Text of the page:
So your senior loved one needs to downsize. Now what?
For many in their senior years, downsizing isn’t a choice made leisurely over many years. The need appears suddenly, often following an injury or the loss of a spouse or partner, leaving adult children and family members with the daunting task of sorting through a lifetime of belongings.
Senior move managers assist with the overwhelming elements of the process, but come at a high cost. When you or your loved one’s budget for care is already a stretch, spending that money on move managers may not be an option.
Below are some helpful tips on where to start and how to manage the process.
- Before beginning, acknowledge that downsizing can be a highly emotional process for you and your loved one. Don’t try to separate yourself or your loved one from the process. Some things have memories and legacies that you’ll want to save. Allowing those feelings to be processed will help you determine what items to save for your loved one’s new apartment and what to let go of. Maintaining a sense of identity and place will be very important for your senior loved one in their new home.
- Set a hard and fast final date to be completely moved. This can be helpful both for practical matters, like selling a property, and emotional matters. With a hard date in place, decisions are sometimes easier to make.
- Don’t wait. Often times, children wait until a loved one’s property is sold to begin sorting through the home. Don’t wait! Not only will it lessen stress, but an organized and move-in ready home may be more desirable to buyers.
- You may need to take a few days off. Many adult children report needing to take a few personal days off of work to sort through a loved one’s belongings during a downsizing move.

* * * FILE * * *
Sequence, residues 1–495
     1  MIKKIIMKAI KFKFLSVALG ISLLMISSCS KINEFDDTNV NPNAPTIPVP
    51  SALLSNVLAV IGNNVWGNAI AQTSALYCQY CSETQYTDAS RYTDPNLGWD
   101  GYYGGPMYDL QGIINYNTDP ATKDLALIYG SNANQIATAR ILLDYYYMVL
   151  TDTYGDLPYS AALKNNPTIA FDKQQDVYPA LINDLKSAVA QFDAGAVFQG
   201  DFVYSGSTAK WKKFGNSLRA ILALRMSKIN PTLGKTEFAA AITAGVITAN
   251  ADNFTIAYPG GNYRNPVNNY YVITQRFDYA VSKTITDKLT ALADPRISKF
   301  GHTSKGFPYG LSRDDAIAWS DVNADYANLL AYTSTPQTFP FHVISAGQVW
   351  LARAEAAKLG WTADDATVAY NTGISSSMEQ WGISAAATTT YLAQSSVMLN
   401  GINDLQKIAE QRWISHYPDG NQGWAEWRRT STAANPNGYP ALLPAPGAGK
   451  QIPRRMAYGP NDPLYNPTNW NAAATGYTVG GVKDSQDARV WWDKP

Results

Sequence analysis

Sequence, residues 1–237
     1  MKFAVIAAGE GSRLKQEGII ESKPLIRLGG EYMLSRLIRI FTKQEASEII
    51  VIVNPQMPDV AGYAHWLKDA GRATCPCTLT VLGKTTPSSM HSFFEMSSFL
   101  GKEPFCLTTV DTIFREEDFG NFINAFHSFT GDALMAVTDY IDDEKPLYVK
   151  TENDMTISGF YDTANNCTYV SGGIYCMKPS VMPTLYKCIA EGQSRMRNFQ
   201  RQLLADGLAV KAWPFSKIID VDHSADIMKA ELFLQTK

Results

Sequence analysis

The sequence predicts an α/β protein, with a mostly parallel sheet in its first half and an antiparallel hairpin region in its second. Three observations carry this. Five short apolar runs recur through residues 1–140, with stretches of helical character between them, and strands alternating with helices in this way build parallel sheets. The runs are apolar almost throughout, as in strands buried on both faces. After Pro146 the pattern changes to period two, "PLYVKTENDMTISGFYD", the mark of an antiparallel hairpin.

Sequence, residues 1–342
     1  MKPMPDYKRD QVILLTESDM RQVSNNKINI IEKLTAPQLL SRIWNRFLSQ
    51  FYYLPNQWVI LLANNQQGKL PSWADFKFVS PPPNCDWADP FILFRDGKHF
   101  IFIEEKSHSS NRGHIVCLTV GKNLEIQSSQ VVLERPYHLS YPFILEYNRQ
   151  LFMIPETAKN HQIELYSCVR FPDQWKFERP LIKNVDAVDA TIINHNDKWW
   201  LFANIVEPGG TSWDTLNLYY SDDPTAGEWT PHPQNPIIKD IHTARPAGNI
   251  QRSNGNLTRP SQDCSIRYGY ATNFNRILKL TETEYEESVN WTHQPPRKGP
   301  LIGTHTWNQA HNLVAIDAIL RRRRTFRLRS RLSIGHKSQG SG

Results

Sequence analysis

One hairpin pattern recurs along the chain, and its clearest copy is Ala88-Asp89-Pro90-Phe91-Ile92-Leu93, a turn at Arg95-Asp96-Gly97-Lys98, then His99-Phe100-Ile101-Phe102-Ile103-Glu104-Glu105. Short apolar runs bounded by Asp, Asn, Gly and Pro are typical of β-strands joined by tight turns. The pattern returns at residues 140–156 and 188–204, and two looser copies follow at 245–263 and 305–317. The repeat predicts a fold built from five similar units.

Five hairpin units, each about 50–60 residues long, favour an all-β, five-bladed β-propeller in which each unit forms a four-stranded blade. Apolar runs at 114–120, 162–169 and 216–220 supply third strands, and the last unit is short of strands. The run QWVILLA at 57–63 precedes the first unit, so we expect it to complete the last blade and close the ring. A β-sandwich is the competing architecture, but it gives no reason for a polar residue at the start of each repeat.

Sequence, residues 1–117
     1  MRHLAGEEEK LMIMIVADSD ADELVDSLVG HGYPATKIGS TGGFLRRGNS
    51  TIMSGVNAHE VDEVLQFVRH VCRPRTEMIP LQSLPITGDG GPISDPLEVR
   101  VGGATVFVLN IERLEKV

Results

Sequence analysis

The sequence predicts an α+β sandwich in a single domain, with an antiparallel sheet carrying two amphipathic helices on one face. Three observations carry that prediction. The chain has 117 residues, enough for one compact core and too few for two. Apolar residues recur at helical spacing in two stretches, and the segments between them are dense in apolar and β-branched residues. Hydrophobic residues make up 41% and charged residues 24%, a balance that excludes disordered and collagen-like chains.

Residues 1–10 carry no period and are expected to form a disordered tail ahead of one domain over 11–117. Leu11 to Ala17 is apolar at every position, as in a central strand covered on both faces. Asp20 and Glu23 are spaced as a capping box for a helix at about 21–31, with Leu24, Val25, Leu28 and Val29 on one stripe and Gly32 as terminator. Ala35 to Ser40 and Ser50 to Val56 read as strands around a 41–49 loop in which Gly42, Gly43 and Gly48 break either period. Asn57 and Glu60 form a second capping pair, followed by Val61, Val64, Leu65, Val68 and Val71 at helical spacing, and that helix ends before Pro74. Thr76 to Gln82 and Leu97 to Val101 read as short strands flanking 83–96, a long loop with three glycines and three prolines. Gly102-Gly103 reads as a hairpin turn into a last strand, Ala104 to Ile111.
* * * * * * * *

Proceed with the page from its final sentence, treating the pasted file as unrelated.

- Start in rooms with the most sentimental items and the most clutter: For many these “heart of the home” rooms are the family room, kitchen, living room, and dining room. Working through the more sentimental items first will make decisions about less important items later easy.
- Categorize items.
– Keep – Mom always relaxes in this chair – this should go with her.
– Give to family – This dining set should stay in the family.
– Sell – These are in good condition and your senior loved one is comfortable selling them.
– Donate – These items don’t have much value, but can still be used.
– Trash – These items are in poor condition or beyond repair or should not be donated for sanitary reasons.
Categorizing items will help determine the next thing to do with them. Tip: To help, color code your Keep, Give Away, Donate, and other items with sticky tabs or post-it notes as you begin to sort through things.
- Be smart about collections:
– Scan photos onto external memory devices, like an external hard drive, flash drive or CD. Smart photo frames now allow you to display these photos in an electronic format one after the other.
– Save a few favorite mementos from collections. Allow your loved one to choose and display a few of their favorites from collections.
– Scan documents that are important but that you may not need to have printed and on hand.
- Be prepared that adult children may not want items that have sentimental value to their parents. It can be difficult to sell the table you spent all your family dinners at as a child, but the reality may be that there’s not room for it where you or your loved ones live. Or perhaps they just don’t feel as attached to it as you or your senior parent. While it can be upsetting, allowing these decisions to be made will help determine what can and should be kept.
- Sell, sell, sell. Take photos of everything you intend to sell. Host a yard sale – some companies suggest calling it a “Moving Sale” for better turn out. Advertise your sale in the paper, and place bright posterboard signs at the front of the neighborhood and at intersections leading to the sale. Contact estate sale companies or auction houses if it’s in your budget to allow a portion of the profit to go to these managers. Selling items can help cover different costs as well, like a moving company or deposits.
- Use your online resources. Post items on craigslist with photos. It’s free! The “Free” section can also help you get items moved that you cannot sell for a price or would cost to move otherwise. Additionally, you can often find Facebook Pages dedicated to selling items in your local area. On Facebook, search for your city or county name followed by the words Buy Sell Trade. Be sure to follow the page rules when posting items for sale.
- Donate what you can’t sell. Local charities abound and some may even be able to pick up large items for you. Use any donation receipts received by charities when your loved one files taxes for the year.
- Use our printable one-page checklist to help you begin the downsizing process. Fill out the form on this page to receive a download link right to your email.